Brain injuries following a fall

On Behalf of | Apr 27, 2018 | Personal Injury Law |

At the very least, slipping and falling can leave you bruised and embarrassed. It may bring to mind hilarious YouTube videos showing people losing their footing and making spectacular somersaults to the delight of onlookers.

Your loved one’s fall was nothing like that. One minute, he or she was leaving your home, and the next, you were answering a call from an Alabama emergency room. In fact, you may have been shocked when you arrived at the hospital and learned that your loved one was in intensive care suffering from a traumatic brain injury.

How serious is a brain injury?

Concussions and other brain injuries are common results of slipping or tripping and falling. Whether you fall backward or forward, your momentum often carries your head down first. If your hands are full or you are falling down stairs, you may be unable to stop the forward motion in time to spare your head from striking the ground or some other surface along the way.

The results can be catastrophic. Depending on the extent of your loved one’s injury and the location of the injury on the brain, your loved one may suffer chronic migraines, dizziness and confusion. If the injury is severe, your loved one may face a lifetime of cognitive and physical impairment or other deficits.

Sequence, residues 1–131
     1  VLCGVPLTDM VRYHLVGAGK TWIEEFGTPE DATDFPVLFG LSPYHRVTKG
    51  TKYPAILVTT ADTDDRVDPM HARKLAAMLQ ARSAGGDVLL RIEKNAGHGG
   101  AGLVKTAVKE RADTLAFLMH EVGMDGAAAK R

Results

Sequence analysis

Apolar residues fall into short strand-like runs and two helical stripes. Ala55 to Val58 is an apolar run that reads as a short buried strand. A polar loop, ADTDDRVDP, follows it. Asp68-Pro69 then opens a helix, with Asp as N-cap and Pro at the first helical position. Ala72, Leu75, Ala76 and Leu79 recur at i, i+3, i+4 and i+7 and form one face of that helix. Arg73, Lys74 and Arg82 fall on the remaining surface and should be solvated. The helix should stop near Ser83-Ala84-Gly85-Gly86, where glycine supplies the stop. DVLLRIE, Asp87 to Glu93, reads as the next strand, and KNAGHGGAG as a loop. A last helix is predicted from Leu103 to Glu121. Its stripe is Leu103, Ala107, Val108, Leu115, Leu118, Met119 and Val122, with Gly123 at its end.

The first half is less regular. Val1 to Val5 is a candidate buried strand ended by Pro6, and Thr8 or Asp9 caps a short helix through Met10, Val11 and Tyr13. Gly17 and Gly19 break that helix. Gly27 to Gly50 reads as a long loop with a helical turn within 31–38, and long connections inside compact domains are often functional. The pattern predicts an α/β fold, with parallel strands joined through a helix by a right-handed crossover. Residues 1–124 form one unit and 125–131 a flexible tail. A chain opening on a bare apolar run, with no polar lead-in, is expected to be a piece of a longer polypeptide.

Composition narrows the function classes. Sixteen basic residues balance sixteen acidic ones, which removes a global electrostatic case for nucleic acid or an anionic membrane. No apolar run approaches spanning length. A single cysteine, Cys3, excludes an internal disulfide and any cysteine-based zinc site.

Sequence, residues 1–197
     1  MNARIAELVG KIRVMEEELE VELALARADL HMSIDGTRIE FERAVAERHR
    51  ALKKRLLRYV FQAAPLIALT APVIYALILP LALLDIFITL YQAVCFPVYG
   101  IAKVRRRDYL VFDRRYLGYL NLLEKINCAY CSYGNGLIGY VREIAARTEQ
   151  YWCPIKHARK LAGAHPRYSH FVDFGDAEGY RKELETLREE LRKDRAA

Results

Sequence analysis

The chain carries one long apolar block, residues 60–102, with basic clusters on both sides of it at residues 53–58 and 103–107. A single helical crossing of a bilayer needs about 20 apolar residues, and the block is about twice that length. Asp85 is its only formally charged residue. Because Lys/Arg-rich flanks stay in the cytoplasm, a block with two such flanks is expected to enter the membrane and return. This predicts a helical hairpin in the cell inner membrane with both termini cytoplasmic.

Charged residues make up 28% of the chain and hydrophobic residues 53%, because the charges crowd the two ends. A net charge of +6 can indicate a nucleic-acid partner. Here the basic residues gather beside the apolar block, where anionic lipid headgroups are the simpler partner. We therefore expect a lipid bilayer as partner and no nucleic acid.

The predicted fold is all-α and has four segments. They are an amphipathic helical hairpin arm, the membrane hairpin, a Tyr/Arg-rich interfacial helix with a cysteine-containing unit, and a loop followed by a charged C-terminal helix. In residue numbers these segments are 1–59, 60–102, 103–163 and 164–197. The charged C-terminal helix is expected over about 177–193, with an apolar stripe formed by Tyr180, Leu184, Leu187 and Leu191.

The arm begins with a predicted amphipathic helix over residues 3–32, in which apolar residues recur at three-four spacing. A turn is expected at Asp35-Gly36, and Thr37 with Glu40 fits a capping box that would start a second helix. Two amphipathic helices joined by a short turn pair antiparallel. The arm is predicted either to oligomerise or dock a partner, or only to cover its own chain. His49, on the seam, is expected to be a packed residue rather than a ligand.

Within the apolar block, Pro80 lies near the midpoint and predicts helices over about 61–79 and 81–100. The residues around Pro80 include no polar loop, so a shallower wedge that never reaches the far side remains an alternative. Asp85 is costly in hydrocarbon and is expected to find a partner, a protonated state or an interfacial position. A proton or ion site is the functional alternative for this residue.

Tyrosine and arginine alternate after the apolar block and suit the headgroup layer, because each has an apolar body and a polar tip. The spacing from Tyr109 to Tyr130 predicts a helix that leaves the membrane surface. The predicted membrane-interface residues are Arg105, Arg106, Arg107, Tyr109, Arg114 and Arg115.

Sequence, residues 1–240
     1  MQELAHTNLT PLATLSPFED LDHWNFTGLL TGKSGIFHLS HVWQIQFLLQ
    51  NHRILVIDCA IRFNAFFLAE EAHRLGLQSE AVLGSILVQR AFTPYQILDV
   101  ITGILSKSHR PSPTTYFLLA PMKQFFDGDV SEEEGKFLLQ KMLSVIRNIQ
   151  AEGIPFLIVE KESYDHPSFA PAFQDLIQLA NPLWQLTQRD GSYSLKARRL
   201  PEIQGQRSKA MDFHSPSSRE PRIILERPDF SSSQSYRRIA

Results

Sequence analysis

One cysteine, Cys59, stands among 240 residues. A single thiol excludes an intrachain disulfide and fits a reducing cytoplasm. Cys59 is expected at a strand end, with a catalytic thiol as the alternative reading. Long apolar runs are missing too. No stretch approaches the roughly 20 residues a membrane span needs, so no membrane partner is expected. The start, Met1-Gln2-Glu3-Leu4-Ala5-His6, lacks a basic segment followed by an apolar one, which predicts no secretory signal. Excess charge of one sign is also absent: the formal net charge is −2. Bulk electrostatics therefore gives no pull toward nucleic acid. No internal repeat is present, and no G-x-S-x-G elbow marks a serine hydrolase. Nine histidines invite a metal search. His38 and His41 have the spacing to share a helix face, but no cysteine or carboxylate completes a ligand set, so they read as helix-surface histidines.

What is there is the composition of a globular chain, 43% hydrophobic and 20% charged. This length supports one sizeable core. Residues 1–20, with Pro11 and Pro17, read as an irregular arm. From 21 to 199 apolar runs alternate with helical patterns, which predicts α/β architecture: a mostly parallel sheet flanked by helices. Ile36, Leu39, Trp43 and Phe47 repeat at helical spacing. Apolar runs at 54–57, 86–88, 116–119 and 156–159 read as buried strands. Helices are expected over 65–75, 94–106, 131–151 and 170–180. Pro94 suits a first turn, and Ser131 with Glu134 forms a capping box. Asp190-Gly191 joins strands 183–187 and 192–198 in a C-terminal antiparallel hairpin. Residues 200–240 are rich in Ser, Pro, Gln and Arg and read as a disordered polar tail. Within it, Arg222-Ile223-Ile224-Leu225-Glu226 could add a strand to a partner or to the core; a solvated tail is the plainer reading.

Who is responsible?

You may decide to investigate whether your loved one’s accident was the result of negligence on the part of the property owner where he or she fell. Negligence includes the creation of slipping or tripping hazards or the failure to rectify a hazard the owner knew about or should have known about.

Common tripping and slipping hazards include these and countless others:

  • Patches of ice
  • Oil or grease on the floor or parking lot
  • Poor lighting where tripping hazards exist
  • Water on a smooth floor
  • Clutter in the aisle or halls
  • Power cords stretched across a public walkway
  • Loose floorboards or uneven sections of floor
  • Loose pieces of carpet or floor mats
  • Clutter in the aisle or halls

If you return to the scene of your loved one’s accident, it will help your case to take pictures of the area and the hazard. You may also want to preserve the shoes your loved one was wearing to help prove that he or she did not contribute to the fall.

There are numerous difficult barriers to overcome in presenting a successful premises liability case to obtain compensation for your loved one’s injuries. You may seek assistance from a legal professional who has experience pursuing slip-and-fall cases and who is familiar with the premises liability laws in your jurisdiction.


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